R G Methadone maintenance as spine of a recovery-oriented treatment system (2012). From authoritative US recovery advocate William White, a humanistic interpretation of what makes an opioid maintenance treatment system recovery-oriented, including features of the treatment and its links with the community and other services. Based on freely available monograph (2010). For discussion see cell D3.
G Commissioning for recovery ([UK] National Treatment Agency for Substance Misuse, 2010). From what was England’s special health authority tasked to improve the availability, capacity and effectiveness of drug misuse treatment, guidance for funding authorities on how to construct a local pattern of services.
G UK consensus on medications as a route to recovery ([UK] National Treatment Agency for Substance Misuse, 2012). How medications fit into a treatment system oriented to long-term recovery. While protecting the gains of the harm-reduction era, attempts to show that methadone maintenance and allied treatments can be part of the recovery agenda, despite that agenda’s associations with abstinence from all drugs (no methadone) and with leaving treatment (no or curtailed maintenance).
G Opioid substitute prescribing and recovery-oriented treatment in Scotland (Scottish Drug Strategy Delivery Commission, 2013). Expert group’s vision of what a recovery-oriented treatment system should look like, progress towards it in Scotland, and the role of methadone maintenance and allied treatments within such a system.
G Integrated care for substance users in Scotland (Report produced for the Scottish Advisory Committee on Drug Misuse, 2008). Guidance on how to construct a treatment system that combines and coordinates all the services required to meet the assessed needs of the individual. Includes care pathways and responding to mentally ill patients. For related discussion click and scroll down to highlighted heading.
G Expert advice on commissioning drug and alcohol treatment ([UK] Joint Commissioning Panel for Mental Health, 2013). Co-chaired by the Royal College of General Practitioners and the Royal College of Psychiatrists, a collaboration of leading organisations and individuals with an interest in commissioning mental health services explains the rationale for and offers practical advice on commissioning effective addiction services. For discussions click here and here and scroll down to highlighted headings.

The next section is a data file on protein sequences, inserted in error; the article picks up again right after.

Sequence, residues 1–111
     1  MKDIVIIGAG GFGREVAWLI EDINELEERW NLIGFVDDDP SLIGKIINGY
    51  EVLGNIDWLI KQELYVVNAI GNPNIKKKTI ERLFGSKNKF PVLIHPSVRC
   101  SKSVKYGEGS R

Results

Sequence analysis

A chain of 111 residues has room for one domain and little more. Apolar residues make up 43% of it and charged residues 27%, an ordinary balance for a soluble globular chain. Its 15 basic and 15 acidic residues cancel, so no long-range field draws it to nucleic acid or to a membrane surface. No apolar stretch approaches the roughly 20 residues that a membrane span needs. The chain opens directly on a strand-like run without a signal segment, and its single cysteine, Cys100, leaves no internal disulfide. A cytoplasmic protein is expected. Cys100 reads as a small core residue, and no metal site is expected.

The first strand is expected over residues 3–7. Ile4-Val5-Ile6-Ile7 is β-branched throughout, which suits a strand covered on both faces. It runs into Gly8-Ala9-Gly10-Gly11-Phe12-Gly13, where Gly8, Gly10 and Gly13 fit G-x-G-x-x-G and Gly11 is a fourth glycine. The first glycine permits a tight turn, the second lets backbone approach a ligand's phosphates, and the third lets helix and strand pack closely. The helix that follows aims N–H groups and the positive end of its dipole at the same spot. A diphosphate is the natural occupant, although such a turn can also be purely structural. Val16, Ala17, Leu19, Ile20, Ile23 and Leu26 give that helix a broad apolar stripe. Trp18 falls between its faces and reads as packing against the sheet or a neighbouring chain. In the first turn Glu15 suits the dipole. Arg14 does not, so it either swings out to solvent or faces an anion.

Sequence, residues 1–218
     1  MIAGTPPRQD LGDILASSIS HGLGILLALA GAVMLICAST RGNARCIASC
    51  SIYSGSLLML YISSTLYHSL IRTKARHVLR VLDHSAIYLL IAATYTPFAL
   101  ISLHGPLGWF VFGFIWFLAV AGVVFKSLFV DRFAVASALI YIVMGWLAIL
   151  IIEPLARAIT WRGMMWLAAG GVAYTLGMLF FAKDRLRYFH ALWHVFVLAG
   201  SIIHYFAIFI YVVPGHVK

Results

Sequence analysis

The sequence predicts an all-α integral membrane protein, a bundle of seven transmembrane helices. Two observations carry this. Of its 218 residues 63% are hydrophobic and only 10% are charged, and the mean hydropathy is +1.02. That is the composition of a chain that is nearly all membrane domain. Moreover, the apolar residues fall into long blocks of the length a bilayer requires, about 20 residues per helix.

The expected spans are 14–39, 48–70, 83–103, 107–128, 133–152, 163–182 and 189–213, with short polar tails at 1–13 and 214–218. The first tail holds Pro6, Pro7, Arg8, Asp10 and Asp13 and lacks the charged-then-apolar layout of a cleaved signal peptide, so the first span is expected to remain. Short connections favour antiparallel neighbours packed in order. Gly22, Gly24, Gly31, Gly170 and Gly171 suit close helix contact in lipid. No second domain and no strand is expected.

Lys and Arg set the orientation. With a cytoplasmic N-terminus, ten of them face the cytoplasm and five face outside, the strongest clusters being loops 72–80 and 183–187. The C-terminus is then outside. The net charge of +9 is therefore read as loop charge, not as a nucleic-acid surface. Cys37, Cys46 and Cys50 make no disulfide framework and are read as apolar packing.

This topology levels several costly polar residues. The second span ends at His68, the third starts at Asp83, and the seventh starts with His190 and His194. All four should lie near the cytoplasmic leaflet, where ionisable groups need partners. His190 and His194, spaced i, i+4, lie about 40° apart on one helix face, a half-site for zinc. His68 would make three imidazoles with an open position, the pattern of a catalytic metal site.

G Build opioid treatment system on maintenance (World Health Organization, 2009). Unequivocal backing from UN agencies for methadone and other long-term maintenance treatments as the prime modalities treating dependence on heroin and allied drugs. In contrast, says the report, detoxification results in poor long-term outcomes. Related discussion in cell A3.
G Pharmacy-based services for drug users ([UK] National Treatment Agency for Substance Misuse, 2006). Commissioning pharmacy services to contribute to treating and reducing harm from problem drug use.
G What UK specialist addiction doctors should do and be able to do ([UK] Public Health England, Royal College of Psychiatrists, Royal College of General Practitioners, 2014). Guidance for commissioners and others from body overseeing addiction treatment in England and from UK professional bodies on the part addiction specialists are expected to play in promoting recovery and the importance of retaining their expertise in the sector.
G How to assess the performance of specialist doctors ([US] American Society of Addiction Medicine, 2014). Criteria designed to be used as the basis for local reimbursement and quality-control systems which evaluate performance against the standards ([US] American Society of Addiction Medicine, 2014) expected of specialist addiction physicians. For discussion click and scroll down to highlighted heading.
G NICE advises against specialist ‘dual diagnosis’ services ([UK] National Institute for Health and Care Excellence, 2016). The UK’s official health intervention assessor says that rather than creating specialist ‘dual diagnosis’ services, health and social care (including substance misuse) services should adapt to mentally ill substance users, and their care should be led by the mental health service. Another NICE guideline has dealt specifically with psychosis and substance use. See also earlier guidance ([UK] Department of Health, 2002). Related review and study above. For discussion click and scroll down to highlighted heading.